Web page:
Prince George's County officials joined apartheid protesters outside the South African Embassy yesterday, pledging support for the Free South Africa Movement and saying the county is making sure it has no direct or indirect investments in that country.
Two demonstrators, including syndicated journalist Ethel Payne, 73, were arrested earlier in the afternoon after they entered the embassy on the pretext of seeking information and then refused to leave.
Prince George's County officials at yesterday's embassy demonstration were led by Rep. Steny Hoyer (D-Md.), who said a cross-section of county citizens had joined the protest because they believe "the policies of apartheid are immoral and ought to be immediately abandoned."
Marching in the cold rain, the bipartisan contingent of about 40 persons included County Executive Parris Glendening; Maryland Secretary of State Lorraine Sheehan; members of the county's delegation to the General Assembly, including a majority of its state senators; county council members, and other Democratic and Republican activists in Prince George's.
Glendening said the county has no direct investments in South Africa and is checking now with banks in New York, where the county has some pension funds, to make sure those institutions do not have South African investments.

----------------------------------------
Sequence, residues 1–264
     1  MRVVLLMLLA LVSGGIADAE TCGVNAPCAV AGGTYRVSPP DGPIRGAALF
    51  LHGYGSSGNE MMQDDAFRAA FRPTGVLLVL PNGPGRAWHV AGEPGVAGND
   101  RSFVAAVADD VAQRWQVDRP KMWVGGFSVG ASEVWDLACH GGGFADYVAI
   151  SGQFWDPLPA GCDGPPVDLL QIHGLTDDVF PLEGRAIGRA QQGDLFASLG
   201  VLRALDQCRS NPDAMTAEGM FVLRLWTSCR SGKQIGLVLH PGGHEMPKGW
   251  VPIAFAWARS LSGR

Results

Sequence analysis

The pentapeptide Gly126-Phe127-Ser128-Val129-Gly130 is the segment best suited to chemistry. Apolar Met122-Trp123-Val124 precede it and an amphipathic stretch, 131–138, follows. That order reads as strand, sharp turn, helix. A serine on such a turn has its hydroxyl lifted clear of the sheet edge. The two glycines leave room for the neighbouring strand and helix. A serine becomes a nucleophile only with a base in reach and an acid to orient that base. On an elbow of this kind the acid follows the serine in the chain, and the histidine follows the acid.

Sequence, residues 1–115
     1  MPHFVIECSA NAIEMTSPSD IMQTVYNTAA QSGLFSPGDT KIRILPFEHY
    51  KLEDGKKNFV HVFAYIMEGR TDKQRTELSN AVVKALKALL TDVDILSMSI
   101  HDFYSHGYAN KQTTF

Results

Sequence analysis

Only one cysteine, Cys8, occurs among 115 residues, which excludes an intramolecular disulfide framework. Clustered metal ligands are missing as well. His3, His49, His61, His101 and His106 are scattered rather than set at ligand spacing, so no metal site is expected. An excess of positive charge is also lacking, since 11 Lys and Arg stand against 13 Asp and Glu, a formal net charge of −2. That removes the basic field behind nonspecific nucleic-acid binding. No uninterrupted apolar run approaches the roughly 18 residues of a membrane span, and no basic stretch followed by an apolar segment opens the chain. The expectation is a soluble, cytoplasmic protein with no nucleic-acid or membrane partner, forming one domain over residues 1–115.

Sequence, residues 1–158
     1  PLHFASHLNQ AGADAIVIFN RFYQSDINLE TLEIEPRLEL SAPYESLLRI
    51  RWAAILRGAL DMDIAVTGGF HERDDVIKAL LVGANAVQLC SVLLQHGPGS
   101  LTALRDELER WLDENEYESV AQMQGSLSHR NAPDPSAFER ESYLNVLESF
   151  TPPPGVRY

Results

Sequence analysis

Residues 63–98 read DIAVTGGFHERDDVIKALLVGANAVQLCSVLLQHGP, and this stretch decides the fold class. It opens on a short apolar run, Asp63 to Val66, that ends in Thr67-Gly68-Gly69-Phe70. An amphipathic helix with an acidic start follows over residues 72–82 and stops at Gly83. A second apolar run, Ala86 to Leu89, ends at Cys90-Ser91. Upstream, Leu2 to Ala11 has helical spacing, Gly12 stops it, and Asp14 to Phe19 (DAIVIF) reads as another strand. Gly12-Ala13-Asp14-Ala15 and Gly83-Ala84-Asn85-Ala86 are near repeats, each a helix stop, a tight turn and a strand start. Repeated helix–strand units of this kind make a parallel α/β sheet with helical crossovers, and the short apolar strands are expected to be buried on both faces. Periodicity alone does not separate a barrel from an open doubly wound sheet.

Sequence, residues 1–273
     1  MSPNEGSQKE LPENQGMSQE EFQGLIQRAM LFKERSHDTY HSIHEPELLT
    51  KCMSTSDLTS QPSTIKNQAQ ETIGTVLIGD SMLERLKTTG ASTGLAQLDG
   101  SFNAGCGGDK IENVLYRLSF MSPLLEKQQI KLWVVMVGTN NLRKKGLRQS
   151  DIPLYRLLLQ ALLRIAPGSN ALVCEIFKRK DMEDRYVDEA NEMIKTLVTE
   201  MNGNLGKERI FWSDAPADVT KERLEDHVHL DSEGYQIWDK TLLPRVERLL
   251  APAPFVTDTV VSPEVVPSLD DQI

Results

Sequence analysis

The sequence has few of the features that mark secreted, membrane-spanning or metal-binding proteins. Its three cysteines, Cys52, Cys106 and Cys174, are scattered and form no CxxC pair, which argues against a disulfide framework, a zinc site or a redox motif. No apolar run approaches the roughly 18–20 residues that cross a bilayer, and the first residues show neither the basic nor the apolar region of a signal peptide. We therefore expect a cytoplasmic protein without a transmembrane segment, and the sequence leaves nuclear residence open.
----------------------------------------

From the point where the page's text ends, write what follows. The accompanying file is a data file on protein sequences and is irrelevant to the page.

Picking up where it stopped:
A sponsor of the Gray Amendment, which would impose economic sanctions against South Africa, Hoyer predicted during yesterday's embassy protest that there will be "a lot more enthusiasm" for the measure in Congress this year. The legislation was approved by the House last session but killed in the Senate.
Randall Robinson, who heads the TransAfrica foreign policy lobbying group and who is a key organizer of the embassy protests, called yesterday's arrests a departure from the demonstrations' weekday afternoon routine and said apartheid protesters are going to be "a good deal less predictable" in the weeks ahead.
Robinson said future arrests may not always occur in the same manner or at the same time, 4:30 p.m., as they have in the past. Such a new tactic would further complicate operations at the embassy, which has come to expect visits by the anti-apartheid "messengers" in the late afternoon.
A spokesman for the Secret Service, which was called in to arrest the protesters after they entered the embassy at 2:45 p.m., said Payne, a columnist with the Afro-American newspapers, and Sylvia Hill, 44, a criminal justice professor at the University of the District of Columbia, were charged with failure to quit and unlawful entry, a misdemeanor violation of the D.C. Code.
The two women spent about an hour in the embassy, pressing their demands that South Africa release all political prisoners and begin discussions on a fair constitutional government in the white-ruled, majority-black nation. It was the first time any of the antiapartheid demonstrators had gotten inside the embassy since the protest was launched Nov. 21 with the embassy sit-in arrests of three Free South Africa Movement leaders.
In announcing a change in tactics, Robinson said two people, California Assembly member Maxine Waters and the Rev. Hartford Brookins, had entered the lobby of the South African consulate in Los Angeles yesterday with sleeping bags and intended to "camp out" in protest against apartheid.